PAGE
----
I would say that the underlying factual–if not “logical”–explanation is that Mr. Chebukati gambled on August 11, likely under great pressure, that the “Maina Kiai decision” left unappealed by the IEBC, left a loophole that could be exploited to announce a national “result” early from the purported constituency returns in spite of the knowledge that a huge number of the polling station returns had not been transmitted as required by law.  This gamble did not work and Mr. Chebukati has now obtained from the Supreme Court notice to all interested parties that it still will not work going forward.

Kenya Election: How IEBC CEO explained what was legally required for electronic Results Transmission and how KIEMS was to meet requirement

IEBC’s high-tech system to guard against ballot stuffingThe Standard July 22, 2017

The Independent Electoral and Boundaries Commission (IEBC) has assured that the integrity of the August 8 election has been guaranteed through tamper-proof technology.

The Kenya Integrated Elections Management Systems (KIEMS) has unique features that will make double voting, ballot stuffing, and irreconcilable voting patterns impossible. IEBC is already preparing to deploy 45,000 KIEMS kits to be used in all the 40,883 polling stations across the country.

Every polling station has been allocated a Kit with a maximum number of 700 voters depending on the size of the polling centre. By implication, voters in a polling station cannot exceed the allocated number.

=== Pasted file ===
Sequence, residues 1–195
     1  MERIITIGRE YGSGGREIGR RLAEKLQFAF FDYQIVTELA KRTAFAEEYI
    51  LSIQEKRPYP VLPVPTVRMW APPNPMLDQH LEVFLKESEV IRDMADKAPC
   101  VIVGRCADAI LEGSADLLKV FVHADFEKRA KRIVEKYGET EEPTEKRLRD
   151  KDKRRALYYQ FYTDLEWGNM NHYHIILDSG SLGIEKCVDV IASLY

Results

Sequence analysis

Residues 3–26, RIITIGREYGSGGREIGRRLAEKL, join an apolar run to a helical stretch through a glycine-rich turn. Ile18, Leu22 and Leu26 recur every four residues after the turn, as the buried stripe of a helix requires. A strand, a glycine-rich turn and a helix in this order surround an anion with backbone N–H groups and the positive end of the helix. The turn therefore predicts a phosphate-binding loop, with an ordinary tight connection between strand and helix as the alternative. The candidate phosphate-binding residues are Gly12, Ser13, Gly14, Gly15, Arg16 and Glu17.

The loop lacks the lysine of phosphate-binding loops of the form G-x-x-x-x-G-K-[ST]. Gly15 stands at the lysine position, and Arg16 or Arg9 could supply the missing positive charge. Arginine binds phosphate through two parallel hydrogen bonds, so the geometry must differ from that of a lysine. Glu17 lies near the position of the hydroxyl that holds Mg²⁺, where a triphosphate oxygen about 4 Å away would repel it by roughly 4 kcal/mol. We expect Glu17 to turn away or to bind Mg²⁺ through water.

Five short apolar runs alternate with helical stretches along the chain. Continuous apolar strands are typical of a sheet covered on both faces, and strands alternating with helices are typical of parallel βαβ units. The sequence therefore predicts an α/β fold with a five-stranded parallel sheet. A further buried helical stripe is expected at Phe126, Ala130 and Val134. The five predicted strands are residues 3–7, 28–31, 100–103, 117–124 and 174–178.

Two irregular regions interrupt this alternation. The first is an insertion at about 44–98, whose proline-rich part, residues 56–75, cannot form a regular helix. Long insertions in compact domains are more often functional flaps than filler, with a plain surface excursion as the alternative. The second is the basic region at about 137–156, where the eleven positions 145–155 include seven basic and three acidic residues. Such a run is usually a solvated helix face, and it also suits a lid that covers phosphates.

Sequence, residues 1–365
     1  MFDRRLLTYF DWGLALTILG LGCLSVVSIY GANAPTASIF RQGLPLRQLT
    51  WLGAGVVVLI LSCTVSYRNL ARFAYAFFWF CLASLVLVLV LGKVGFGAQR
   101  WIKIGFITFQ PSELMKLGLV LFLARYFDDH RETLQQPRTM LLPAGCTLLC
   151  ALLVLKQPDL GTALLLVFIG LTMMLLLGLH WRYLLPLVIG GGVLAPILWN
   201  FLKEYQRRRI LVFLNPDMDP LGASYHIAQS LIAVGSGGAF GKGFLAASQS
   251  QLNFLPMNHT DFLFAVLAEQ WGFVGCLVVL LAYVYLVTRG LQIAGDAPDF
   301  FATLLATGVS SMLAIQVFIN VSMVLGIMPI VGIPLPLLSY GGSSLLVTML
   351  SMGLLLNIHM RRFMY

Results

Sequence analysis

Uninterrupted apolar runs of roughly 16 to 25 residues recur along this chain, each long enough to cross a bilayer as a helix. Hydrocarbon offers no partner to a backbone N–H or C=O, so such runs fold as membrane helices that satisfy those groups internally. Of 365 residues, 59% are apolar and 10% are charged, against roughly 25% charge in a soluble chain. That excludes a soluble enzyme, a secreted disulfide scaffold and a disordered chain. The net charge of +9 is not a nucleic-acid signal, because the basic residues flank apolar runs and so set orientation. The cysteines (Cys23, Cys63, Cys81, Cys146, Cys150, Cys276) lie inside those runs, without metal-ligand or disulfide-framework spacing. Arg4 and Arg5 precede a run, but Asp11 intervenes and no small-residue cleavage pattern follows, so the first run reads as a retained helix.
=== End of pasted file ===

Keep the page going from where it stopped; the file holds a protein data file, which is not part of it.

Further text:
The KIEMS technology has two main functions in this election. The first is biometric identification of voters on the election day and results transmission after counting the votes.

The Commission has made it mandatory for all voters to be identified biometrically to close the doors for possibility of resurrection of dead voters.

IEBC Chief executive officer Ezra Chiloba said the Commission has invested heavily in technology and can guarantee successful transmission of election results.

“We have no choice really. The law already demands of us to electronically transmit presidential results from the polling station to the tallying centres,” he said.

After counting of results, the presiding officers in the presence of party agents are expected to type the total number of votes garnered by each candidate into the kit.

The kit aggregates the results automatically and the total number of votes cast for all the candidates is recorded. In cases where the number of voters exceeds the total number of registered voters, the kits shall automatically reject the results. This measure, according to the Commission, effectively makes ballot stuffing impossible.

As an additional measure to guarantee the integrity of elections results, the presiding officer shall scan Form 34A using the KIEMS kit. The Form 34A is signed by both the presiding officer and party agents. Once scanned, the presiding officer shall, together with the text results, send the same to the national tallying centre and constituency tallying centres.

The kit shall equally report turnout trends periodically throughout the day. With this kind of monitoring, the Commission says, ability to identify abnormal voting patterns is guaranteed.

At the end of the voting, said Mr Chiloba, the presiding officers in the presence of party agents are required to reconcile the number of voters recorded by KIEMS as having voted and the number of ballot papers issued.